But, the machines don't have to be obviously in error to be rigged. Ronnie Dugger, in How They Could Steal the Election This Time, several months ago described the November 2004 election machinery: "36 million (votes) will be tabulated completely inside the new paperless, direct-recording-electronic (DRE) voting systems, on which you vote directly on a touch-screen...you get no paper record of your vote...you never know, despite what the touch-screen says, whether the computer is counting your vote as you think you are casting it or, either by error or fraud, it is giving it to another candidate. No one can tell what a computer does inside itself by looking at it; an election official 'can't watch the bits inside,' says Dr. Peter Neumann, the principal scientist at the Computer Science Laboratory of SRI International and a world authority on computer-based risks...The four major election corporations count votes with voting-system source codes (which) are kept strictly secret..."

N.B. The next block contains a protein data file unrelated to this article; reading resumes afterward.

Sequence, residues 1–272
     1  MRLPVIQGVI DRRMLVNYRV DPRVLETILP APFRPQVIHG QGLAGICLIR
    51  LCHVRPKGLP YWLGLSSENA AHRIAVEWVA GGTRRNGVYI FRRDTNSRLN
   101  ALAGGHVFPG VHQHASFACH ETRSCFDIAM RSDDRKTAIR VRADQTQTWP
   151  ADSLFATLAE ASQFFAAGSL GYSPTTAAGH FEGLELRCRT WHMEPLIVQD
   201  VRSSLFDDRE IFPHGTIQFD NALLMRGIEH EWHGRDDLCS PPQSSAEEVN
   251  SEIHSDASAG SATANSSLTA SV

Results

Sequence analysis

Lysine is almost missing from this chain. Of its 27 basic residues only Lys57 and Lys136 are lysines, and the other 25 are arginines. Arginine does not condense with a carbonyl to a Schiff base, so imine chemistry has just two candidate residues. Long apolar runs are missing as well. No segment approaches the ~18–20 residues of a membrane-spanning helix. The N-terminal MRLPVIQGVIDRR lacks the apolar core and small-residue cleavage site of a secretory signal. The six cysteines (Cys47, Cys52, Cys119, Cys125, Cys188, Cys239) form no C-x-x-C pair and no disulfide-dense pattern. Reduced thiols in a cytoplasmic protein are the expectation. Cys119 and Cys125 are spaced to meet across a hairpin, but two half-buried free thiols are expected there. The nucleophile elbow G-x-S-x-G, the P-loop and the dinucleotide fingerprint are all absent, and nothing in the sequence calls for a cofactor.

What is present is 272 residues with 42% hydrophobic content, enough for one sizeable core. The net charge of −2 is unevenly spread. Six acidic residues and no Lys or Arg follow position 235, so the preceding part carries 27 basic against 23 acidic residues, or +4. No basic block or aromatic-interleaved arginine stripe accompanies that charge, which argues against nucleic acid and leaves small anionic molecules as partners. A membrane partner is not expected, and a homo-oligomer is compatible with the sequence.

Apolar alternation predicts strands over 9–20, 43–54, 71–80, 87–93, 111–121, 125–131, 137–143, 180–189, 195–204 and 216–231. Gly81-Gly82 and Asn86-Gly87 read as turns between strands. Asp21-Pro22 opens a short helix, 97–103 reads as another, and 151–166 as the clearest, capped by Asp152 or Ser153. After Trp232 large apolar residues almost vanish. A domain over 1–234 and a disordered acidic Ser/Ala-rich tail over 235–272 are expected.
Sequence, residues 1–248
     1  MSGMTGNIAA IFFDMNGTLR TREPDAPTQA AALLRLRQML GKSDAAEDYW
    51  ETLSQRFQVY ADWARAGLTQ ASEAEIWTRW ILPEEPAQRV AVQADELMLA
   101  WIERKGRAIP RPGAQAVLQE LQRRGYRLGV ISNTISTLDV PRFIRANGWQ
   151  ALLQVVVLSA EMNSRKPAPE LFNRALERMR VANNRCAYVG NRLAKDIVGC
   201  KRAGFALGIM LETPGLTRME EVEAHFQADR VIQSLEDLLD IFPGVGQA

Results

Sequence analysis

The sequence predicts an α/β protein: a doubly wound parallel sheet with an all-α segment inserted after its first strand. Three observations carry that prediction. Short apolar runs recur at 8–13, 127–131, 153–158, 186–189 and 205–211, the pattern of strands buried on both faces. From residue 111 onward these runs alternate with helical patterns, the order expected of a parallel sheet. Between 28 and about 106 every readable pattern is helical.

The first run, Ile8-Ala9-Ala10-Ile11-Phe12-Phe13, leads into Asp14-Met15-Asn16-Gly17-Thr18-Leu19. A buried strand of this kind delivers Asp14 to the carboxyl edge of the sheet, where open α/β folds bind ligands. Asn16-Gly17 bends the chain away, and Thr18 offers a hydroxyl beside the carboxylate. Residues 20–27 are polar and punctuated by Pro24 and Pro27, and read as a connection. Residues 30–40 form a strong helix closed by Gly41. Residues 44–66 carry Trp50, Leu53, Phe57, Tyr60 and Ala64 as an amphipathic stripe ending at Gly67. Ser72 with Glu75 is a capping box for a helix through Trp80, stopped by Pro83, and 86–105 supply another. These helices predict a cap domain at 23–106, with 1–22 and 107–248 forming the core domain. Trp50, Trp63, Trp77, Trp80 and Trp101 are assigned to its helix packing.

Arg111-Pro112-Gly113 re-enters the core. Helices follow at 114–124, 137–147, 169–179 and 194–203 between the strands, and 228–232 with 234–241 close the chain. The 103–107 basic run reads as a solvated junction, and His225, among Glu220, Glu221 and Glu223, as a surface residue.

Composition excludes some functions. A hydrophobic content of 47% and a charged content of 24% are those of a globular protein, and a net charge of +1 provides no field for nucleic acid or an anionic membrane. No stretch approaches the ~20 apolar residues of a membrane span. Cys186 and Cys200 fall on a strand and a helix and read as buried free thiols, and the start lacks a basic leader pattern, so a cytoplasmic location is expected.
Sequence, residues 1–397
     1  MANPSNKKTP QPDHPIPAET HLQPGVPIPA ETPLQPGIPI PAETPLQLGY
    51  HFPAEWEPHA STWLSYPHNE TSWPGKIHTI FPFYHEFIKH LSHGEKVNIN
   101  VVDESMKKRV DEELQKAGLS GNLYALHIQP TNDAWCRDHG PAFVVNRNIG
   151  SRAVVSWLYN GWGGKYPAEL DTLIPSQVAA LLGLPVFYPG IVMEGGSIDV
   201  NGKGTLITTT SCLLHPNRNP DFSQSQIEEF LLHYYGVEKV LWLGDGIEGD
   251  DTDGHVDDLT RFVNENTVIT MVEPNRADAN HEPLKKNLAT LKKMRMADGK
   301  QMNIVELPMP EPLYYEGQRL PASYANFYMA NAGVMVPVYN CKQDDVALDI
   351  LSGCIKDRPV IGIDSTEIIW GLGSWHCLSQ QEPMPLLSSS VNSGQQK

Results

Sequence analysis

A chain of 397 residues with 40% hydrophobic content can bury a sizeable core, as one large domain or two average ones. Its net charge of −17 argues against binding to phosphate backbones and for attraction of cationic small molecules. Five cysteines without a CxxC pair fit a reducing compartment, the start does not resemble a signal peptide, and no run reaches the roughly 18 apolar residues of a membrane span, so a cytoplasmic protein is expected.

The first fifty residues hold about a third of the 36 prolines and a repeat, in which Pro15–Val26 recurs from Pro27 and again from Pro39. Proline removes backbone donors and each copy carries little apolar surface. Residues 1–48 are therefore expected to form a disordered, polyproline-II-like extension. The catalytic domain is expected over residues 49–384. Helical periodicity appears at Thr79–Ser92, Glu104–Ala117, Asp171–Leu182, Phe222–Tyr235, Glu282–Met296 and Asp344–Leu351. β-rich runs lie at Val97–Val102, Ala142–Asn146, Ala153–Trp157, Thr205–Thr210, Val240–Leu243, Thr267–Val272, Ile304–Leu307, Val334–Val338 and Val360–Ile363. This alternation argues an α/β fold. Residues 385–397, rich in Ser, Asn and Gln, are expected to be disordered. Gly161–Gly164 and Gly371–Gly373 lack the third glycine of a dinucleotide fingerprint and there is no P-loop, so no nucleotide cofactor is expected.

Even if they aren't obviously in error or secretly rigged, these new machines can still have their tabulations changed, with nobody the wiser. One of my favorite Internet columnists, Devvy Kidd, two weeks ago predicted "monstrous problems that will make Florida 2000 pale in comparison." Quoting from the December 1996 issue of Cincinnatus News Service, a vote fraud newsletter, Devvy went on to note, "The missing link in the vote fraud investigation has been found. The November 1996 issue of Relevance Magazine reveals that two-way hidden modems are being built into the ever growing number of computerized optical scanner/direct recording voting machines in use all across the country from New England to California...these hidden modems are accessible by remote cell phone technology...these voting machines can be accessed and manipulated from a central super computer without a phone line connected to the wall, and without the local precinct workers knowing that anything is happening at all." I wonder why Dan Rather didn't tell us about this?